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Fatal wild bird disease suspected to be back in Nova Scotia

Monday, June 17th 2019, 11:10 am - Four suspected cases of trichomonosis reported in purple finches across the province

Four suspected cases of a fatal disease affecting wild birds have been reported across Nova Scotia, prompting conservationists to recommend people take down bird feeders.

Trichomonosis is caused by a microscopic parasite transmitted from bird to bird through moist bird seed, damp areas and bird baths.

The disease particularly affects social, seed-eating birds like goldfinches and purple finches in Atlantic Canada.

The parasite infects a bird's upper digestive tract, liver and lungs, making it difficult to eat and breathe.

Reports of purple finches exhibiting symptoms have come in from Halifax, Cape Breton and West Hants, said David Currie, president of the Nova Scotia Bird Society.

"So far, it's a little worrying when you get four reports in less than 48 hours. So we know that something is happening in the environment. We're just waiting to see how severe it's going to be," said Currie.

SEE ALSO: Birds seen 'dropping like flies' in New Brunswick

"We're at the very beginning of what we think could be an outbreak."

Screen Shot 2019-06-17 at 11.11.17 AM (Image: A male purple finch shows signs of trichomoniasis, a fatal disease caused by a parasite present in Atlantic Canada. The purple finch spotted by Jeannie Fraser in Ben Eoin, Cape Breton, had crust on its face and beak, which is a sign of trichomoniasis. Courtesy: Jeannie Fraser via CBC News)

The Canadian Wildlife Health Cooperative recommends taking down feeders and removing bird baths during outbreaks.

"It's a fatal disease," Currie said. "They aren't going to recover. Usually when people find them, they're quite approachable, very tame and obviously puffed out. These birds are very lethargic and they don't like to move too much.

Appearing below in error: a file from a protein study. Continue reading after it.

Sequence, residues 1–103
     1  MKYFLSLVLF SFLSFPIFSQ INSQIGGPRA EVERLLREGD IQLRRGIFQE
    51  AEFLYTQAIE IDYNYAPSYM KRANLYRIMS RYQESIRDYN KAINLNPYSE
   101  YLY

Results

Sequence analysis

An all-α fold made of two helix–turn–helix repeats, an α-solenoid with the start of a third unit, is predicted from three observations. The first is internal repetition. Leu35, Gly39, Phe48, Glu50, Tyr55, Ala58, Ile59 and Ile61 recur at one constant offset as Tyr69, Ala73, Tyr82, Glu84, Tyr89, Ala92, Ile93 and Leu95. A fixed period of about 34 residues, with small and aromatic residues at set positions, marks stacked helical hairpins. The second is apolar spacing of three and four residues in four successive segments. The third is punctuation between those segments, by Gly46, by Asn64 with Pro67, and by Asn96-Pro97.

"They're probably on the verge of perishing at that point."

Hummingbird feeders can stay up, as the parasite doesn't appear to affect hummingbirds, Currie said.

On Friday, Jeannie Fraser spotted a male purple finch in her yard in Ben Eoin, with regurgitated food on its face — a sign of the disease. She didn't have a feeder out.

Fraser said she got fairly close to the bird to take photos before it flew into a tree. She tried to catch the bird with a net later in the day when it came back to her deck, but it evaded her.

"He wasn't very energetic, but he had enough stamina to avoid me," said Fraser. She looked around her property for the bird, but hasn't seen it since.

"The video shows where it's trying to swallow. It's horrific," she said.

"He probably didn't survive the night."

Reporting the location of sick or dying birds to wildlife cooperative will help assess the severity of the disease this year, said Currie.

If residents find dead birds, the bird society suggests freezing them and contacting the Department of Lands and Forestry, which will send them to the wildlife cooperative for analysis.

The number of cases of trichomonosis were mild last year compared to 2017, when more than 100 cases were reported and 18 cases were confirmed.

Currie estimated thousands of birds died from the parasite in 2017.

The parasite has been present in Atlantic Canada since 2007 and reports typically begin around mid-June. The disease doesn't affect humans or other animals, but can spread to domestic birds and chickens.

"It's just in the early stages of us knowing about this disease," said Currie.

This article, written by Mairin Prentiss, was originally published for CBC News.

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